62089986280348253421170679821480865132823066470938446095505822317253594081284811
17450284102701938521105559644622948954930381964428810975665933446128475648233786
78316527120190914564856692346034861045432664821339360726024914127372458700660631
55881748815209209628292540917153643678925903600113305305488204665213841469519415
11609433057270365759591953092186117381932611793105118548074462379962749567351885
75272489122793818301194912983367336244065664308602139494639522473719070217986094
37027705392171762931767523846748184676694051320005681271452635608277857713427577
89609173637178721468440901224953430146549585371050792279689258923542019956112129
02196086403441815981362977477130996051870721134999999837297804995105973173281609
63185950244594553469083026425223082533446850352619311881710100031378387528865875
33208381420617177669147303598253490428755468731159562863882353787593751957781857
780532171226806613001927876611195909216420198
Now go and have some fun with big integers on your own!
Github
link 
Stars: 424 
Help us keep the lights on
Dependencies
Used By
 dankogai/swiftcombinatorics
 MasterSwift/Kyro
 FabioTacke/PubliclyVerifiableSecretSharing
 dankogai/swiftbignum
 HesseHuang/SwiftRSA
 Boilertalk/Web3.swift
 HDHTTPServer/HDVaporSample
 cloutiertyler/swiftmultibase
 attaswift/Attabench
 darkFunction/SwiftBTC
 valdirunars/BioSwift
 cloutiertyler/Base58String
 gnosis/bivrostswift
 google/authlibraryswift
 omochi/RaiBlocksSwift
 attaswift/Attabench
 attaswift/Attabench
Total: 17
Releases
v3.1.0  Jun 8, 2018
This release contains the following changes:
 Swift 4.1 compatibility for Linux and macOS
 Fix warnings for Swift 4.1
There were no functional changes.
v3.0.2  Dec 25, 2017
3.0.2 (20171225)
This release contains the following packaging fix:
 Fixed product definitions in Package.swift not to create a duplicate library. (Issue #37)
There were no functional changes.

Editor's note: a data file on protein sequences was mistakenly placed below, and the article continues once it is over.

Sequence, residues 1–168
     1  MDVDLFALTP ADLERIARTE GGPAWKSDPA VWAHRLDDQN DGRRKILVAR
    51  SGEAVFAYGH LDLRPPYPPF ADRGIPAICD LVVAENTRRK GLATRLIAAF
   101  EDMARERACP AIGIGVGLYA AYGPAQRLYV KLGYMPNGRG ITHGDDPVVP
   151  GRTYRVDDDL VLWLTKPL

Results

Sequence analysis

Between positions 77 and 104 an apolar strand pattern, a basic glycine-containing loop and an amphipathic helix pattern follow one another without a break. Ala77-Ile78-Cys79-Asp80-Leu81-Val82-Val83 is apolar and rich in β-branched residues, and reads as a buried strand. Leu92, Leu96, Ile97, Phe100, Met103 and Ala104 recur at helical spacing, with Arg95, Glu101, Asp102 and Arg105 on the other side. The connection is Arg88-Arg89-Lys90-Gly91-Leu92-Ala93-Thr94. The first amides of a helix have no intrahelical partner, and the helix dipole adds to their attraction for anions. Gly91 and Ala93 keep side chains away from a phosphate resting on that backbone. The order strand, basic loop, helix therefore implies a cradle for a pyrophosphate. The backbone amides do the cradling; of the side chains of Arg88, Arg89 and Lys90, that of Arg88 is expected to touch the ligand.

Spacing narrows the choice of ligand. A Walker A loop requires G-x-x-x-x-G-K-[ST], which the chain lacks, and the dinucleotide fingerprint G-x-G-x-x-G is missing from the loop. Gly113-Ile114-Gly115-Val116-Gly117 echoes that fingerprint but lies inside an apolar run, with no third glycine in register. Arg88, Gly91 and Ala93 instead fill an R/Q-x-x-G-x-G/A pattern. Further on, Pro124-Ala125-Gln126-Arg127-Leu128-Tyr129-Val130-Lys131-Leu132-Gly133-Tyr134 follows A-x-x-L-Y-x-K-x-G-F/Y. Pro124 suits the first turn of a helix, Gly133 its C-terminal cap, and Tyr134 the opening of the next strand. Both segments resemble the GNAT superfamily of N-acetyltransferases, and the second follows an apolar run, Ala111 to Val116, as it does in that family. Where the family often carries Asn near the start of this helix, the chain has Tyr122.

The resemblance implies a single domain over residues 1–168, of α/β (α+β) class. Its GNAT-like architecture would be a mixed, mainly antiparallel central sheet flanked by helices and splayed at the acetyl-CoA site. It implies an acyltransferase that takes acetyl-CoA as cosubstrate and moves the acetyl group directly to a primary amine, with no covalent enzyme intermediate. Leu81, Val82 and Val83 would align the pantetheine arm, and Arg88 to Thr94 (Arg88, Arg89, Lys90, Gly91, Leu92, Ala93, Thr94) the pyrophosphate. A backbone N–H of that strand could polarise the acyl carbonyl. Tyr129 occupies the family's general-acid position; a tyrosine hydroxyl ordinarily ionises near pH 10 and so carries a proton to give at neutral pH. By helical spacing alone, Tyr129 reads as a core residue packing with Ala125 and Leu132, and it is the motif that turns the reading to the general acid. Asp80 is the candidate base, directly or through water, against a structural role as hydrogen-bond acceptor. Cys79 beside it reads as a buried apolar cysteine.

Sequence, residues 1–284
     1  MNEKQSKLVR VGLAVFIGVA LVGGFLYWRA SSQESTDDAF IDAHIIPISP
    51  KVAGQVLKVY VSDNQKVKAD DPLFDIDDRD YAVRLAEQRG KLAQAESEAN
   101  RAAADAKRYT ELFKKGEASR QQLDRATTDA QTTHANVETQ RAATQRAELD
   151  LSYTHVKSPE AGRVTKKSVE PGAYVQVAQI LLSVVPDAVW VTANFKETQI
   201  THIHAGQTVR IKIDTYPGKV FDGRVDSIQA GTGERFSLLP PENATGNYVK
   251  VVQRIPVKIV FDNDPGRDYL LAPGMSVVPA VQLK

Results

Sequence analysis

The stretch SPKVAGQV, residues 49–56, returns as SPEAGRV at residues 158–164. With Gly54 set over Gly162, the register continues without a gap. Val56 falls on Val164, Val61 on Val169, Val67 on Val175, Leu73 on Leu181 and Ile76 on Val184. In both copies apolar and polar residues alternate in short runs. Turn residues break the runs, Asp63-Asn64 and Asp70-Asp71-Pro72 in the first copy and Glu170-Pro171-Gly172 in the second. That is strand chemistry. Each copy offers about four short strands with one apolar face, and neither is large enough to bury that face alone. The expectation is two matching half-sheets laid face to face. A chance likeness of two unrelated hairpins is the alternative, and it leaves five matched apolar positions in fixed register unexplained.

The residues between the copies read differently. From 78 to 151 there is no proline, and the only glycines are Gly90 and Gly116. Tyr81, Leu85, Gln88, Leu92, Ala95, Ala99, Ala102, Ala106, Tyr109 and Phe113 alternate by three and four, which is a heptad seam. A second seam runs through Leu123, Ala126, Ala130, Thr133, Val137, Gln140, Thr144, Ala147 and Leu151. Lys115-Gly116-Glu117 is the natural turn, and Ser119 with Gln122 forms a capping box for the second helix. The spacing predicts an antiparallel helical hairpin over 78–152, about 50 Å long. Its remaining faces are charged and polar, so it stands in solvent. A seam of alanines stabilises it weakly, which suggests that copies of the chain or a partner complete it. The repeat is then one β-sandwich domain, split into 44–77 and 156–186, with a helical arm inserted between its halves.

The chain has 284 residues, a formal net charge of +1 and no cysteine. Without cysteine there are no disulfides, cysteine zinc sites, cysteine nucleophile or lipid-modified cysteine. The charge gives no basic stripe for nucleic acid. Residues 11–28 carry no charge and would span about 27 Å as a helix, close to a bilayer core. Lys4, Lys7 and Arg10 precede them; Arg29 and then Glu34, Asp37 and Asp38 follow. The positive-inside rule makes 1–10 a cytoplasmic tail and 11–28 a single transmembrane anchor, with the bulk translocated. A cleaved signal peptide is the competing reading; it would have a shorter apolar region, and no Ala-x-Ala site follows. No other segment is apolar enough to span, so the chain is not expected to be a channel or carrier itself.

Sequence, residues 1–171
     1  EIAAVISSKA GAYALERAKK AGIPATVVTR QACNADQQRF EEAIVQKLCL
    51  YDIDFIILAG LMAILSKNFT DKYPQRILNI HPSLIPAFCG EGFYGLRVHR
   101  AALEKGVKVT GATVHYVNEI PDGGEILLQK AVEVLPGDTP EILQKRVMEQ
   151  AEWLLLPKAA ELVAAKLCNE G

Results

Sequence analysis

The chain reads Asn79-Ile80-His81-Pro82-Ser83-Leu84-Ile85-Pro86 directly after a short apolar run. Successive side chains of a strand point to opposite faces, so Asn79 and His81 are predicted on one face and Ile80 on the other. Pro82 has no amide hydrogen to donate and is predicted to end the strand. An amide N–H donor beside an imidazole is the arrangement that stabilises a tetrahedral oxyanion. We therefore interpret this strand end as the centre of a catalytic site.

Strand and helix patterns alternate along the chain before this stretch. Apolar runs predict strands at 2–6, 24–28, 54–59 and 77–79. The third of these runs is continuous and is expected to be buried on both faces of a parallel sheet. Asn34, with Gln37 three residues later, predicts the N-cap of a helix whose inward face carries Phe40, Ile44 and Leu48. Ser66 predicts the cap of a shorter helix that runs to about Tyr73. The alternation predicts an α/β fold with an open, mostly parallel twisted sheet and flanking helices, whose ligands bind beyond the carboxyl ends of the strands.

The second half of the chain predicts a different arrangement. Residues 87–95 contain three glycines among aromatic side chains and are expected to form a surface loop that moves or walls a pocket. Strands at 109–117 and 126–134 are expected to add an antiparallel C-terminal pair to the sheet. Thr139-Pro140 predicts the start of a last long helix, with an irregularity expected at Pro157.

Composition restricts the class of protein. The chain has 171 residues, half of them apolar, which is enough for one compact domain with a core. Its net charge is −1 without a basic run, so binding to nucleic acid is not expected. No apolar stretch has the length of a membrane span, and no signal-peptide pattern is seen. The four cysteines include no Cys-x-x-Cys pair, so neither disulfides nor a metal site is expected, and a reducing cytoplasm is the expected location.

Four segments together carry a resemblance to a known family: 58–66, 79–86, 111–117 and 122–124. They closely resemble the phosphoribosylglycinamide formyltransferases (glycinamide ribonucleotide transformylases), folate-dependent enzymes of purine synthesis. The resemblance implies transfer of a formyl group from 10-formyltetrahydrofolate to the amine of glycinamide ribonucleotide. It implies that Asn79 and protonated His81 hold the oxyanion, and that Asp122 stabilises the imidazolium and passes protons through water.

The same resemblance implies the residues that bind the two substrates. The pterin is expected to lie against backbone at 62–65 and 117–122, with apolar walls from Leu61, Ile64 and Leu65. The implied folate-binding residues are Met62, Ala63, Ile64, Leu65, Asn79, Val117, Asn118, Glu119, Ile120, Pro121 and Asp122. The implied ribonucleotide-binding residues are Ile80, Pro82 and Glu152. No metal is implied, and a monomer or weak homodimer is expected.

v3.0.1  Oct 10, 2017
This release contains the following bug fixes:
 Issue #27 — changing scope of
kind
andstorage
to befileprivate
 Making
subscript
method ofBigUInt
public
v3.0.0  Sep 7, 2017
This is a major release upgrading BigInt to the new integer protocols introduced in Swift 4 as part of SE0104, Protocoloriented integers.
 Adopting the new protocols involved major, breaking changes throughout the API. These aren't individually listed here.
 The
BigUInt
struct now provides inline storage for big integers that fit inside two words. This optimization speeds up conversions from builtin fixedwidth integer types, amongst other frequent operations. BigInt
andBigUInt
implements the newCodable
protocol. In both cases, values are encoded in an unkeyed container starting with a string indicating the sign ("+"
or""
), followed by a sequence of 64bit unsigned integers representing component words, from least to most significant. New method:
BigInt.modulo
, contributed by @FabioTacke. BigUInt
does not implementCollection
in this release. The collection of words is available in the standard readonlywords
property. Direct public access to collection methods have been removed; if you have been manipulating big integers using collection methods, you need to rewrite your code. If you have a usecase that isn't covered by the public API, please submit a PR adding the missing functionality. (Public readwrite access to the underlying storage insideBigUInt
will not be restored, though.)
BigInt is now part of the Attaswift project. The bundle identifiers in the supplied Xcode project have been updated accordingly.
Note that the URL for the package's Git repository has changed; please update your references.
v2.1.2  Feb 3, 2017
This release contains the following bugfix:
 Issue #12: The iOS target in the supplied Xcode project file no longer copies extraneous files as resources into the framework bundle. The set of such files included generatedocs.sh, which led to App Store rejections for apps that build BigInt using the project file. (Thanks to @arrrnas and @wuftymerguftyguff)
No sourcelevel changes were made.